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20/03/2007

Magazine Roundup

Vanity Fair | Gazeta Wyborcza | The New Yorker | Le Figaro | Die Weltwoche | Europa | The Spectator | Il Foglio | The Economist | Al Ahram Weekly | Le point | DU | The New York Times


Vanity Fair 01.04.2007 (USA)

Englishman A.A. Gill rails against the bad behaviour of his fellow ex-pats in New York. "Why is it that the English continue to get it all so wrong in New York? There is something particularly, peculiarly irritating about the Brits over here. This is a city that's wide open to strangers, lumpy with a homogeneity of schemers and immigrants, yet the Brits manage to remain aloof and apart, the grit in the Vaseline. Those with the voices like broken crockery, the book-at-bedtime accent, have a lot to answer for. The Brits believe that they have a birth-given sincerity and that it's not what you say but how you say it that matters. And that all silly, gullible Yanks, from policemen to society hostesses, will wave us ahead on life's road when we open our euphonious mouth. In fact, most Americans can't tell the difference between Billy Connolly and Russell Crowe, and why on earth should they? If you really, really want to disjoint an Englishman - ruin his day - then just ask him which bit of Australia he's from."

Further articles: According to former CIA agent Robert Baer, London has more colourful adventurers per block than any other city in the world. "Rogue oil traders, art forgers, exiled presidents, disgraced journalists, arms dealers. There was also the Jordanian prince who had once offered to smuggle me into Ramadi, in Iraq's anarchic Anbar Province, in exchange for 100 sheep. People like these are pretty much the currency of C.I.A. agents." He dedicates a lengthy portrait to Tim Spicer, the king of the mercenaries.

And in an interview with Peter Biskind, David Chase explains why he couldn't show his "Sopranos" series on the broadcast networks. "Network television and those who run it are phenomenal at putting their finger on whatever it is that really excites you about the project and telling you to take that out or change it. It's genius. We went to CBS and we told 'em the whole thing. And they said, 'It's great - this is fantastic. But … I don't know about the Prozac. And does he have to be seeing a psychiatrist?'"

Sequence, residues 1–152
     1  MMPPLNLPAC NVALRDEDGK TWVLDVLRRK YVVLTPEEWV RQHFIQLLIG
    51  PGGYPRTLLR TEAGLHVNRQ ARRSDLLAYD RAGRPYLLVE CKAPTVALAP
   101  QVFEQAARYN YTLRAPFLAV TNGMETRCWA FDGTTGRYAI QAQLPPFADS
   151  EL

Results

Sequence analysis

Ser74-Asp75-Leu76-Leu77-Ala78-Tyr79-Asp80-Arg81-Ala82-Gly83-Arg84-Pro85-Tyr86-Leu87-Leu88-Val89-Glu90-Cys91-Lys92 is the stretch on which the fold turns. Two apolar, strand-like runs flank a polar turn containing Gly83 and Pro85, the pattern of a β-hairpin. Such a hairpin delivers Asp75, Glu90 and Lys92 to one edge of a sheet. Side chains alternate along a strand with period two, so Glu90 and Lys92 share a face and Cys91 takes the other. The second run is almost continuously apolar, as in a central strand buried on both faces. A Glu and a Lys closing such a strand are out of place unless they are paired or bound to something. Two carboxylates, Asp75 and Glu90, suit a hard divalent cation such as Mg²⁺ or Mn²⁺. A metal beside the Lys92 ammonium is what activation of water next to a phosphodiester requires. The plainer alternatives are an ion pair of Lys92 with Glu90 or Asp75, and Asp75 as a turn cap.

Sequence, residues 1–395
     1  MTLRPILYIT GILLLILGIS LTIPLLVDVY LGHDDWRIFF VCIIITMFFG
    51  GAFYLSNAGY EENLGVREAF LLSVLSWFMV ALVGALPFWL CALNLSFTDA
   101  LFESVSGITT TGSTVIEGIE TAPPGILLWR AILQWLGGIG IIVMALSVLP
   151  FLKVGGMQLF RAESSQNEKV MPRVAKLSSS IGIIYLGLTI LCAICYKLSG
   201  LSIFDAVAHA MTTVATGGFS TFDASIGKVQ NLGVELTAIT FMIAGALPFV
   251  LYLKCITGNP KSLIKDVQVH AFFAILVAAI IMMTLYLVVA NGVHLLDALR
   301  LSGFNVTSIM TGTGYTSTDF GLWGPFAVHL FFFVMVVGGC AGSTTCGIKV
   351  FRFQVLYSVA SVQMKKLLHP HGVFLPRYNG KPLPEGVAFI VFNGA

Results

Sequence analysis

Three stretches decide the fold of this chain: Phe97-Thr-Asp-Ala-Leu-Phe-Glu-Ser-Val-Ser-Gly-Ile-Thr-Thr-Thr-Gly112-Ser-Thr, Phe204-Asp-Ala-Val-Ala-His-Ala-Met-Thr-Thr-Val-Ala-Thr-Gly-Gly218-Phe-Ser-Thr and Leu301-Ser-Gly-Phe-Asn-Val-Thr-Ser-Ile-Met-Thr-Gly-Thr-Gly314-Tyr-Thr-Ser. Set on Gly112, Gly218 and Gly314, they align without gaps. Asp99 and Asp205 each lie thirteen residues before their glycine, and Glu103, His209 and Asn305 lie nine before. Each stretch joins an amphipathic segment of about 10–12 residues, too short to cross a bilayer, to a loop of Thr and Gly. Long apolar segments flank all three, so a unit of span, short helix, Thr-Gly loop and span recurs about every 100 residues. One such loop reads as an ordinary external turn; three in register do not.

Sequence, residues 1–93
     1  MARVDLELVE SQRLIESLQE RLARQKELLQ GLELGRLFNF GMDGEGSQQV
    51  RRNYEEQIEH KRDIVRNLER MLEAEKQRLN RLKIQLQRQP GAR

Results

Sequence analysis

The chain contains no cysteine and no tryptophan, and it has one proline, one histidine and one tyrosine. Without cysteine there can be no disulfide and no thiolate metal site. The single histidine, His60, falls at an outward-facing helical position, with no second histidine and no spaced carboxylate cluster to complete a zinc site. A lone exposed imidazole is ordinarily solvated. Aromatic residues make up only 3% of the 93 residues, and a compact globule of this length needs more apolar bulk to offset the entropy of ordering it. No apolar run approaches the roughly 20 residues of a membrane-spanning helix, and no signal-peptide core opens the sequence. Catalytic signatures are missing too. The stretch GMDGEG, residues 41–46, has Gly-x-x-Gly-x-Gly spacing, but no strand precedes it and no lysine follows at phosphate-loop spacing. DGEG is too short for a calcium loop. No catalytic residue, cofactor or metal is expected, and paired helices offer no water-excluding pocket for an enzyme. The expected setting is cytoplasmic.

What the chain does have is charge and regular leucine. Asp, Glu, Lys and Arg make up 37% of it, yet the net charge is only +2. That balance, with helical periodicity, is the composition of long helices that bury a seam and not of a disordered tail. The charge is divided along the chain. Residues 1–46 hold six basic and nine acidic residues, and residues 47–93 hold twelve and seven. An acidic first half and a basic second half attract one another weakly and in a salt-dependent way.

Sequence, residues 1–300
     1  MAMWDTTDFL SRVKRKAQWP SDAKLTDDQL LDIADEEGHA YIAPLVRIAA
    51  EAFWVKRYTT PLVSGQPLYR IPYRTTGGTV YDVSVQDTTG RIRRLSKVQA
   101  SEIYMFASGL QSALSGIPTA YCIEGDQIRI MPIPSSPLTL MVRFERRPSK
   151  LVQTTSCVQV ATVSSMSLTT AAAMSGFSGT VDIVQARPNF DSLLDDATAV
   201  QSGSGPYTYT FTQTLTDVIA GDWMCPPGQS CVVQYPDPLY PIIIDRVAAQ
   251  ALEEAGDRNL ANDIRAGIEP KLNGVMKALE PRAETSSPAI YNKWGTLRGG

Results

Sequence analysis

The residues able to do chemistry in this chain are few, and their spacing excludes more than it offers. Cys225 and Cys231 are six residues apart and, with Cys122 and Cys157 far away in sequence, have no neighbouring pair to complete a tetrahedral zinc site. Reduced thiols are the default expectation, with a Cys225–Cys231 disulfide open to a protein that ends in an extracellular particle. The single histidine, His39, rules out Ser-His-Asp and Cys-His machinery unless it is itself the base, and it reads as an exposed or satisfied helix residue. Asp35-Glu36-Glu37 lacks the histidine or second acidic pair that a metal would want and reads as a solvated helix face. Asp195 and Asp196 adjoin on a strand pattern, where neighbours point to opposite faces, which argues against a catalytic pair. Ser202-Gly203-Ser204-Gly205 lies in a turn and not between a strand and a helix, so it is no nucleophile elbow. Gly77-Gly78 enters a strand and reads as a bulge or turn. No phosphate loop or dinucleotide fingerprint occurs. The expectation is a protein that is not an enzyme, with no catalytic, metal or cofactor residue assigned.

Gazeta Wyborcza 17.03.2007 (Poland)

Piotr Pacewicz addresses the hot topic of Polish homophobia. Prime Minister Kaczynski has not endorsed the announcement of deputy Minister for Education Miroslaw Orzechowski that all homosexual teachers will lose their jobs. He is willing to respect their rights as citizens, but says they should not speak about their sexual orientation. "Unfortunately more is at stake here than just conservative votes," writes Pacewicz. "The government is agreed that the existence of homosexuals in Poland should be one of a partial non-existence – according to which they enjoy full rights, only not in the area which defines their otherness." Sadly around 40 percent of Poles share this opinion, according to Pacewicz, which is mostly due to the creation of sexual taboos in society as a whole."


The New Yorker 26.03.2007 (USA)

The New Yorker has revamped its site. A clear layout and loads of free content. Nice work!

In a reportage entitled "Betrayed" George Packer portrays the Iraqis that the Americans trust the most: translators. "Millions of Iraqis, spanning the country's religious and ethnic spectrum, welcomed the overthrow of Saddam Hussein. But the mostly young men and women who embraced America's project so enthusiastically that they were prepared to risk their lives for it may constitute Iraq's smallest minority. I came across them in every city: the young man in Mosul who loved Metallica and signed up to be a translator at a U.S. Army base; the DVD salesman in Najaf whose plans to study medicine were crushed by Baath Party favoritism, and who offered his services to the first American Humvee that entered his city. They had learned English from American movies and music, and from listening secretly to the BBC. Before the war, their only chance at a normal life was to flee the country - a nearly impossible feat. Their future in Saddam's Iraq was, as the Metallica fan in Mosul put it, 'a one-way road leading to nothing.'"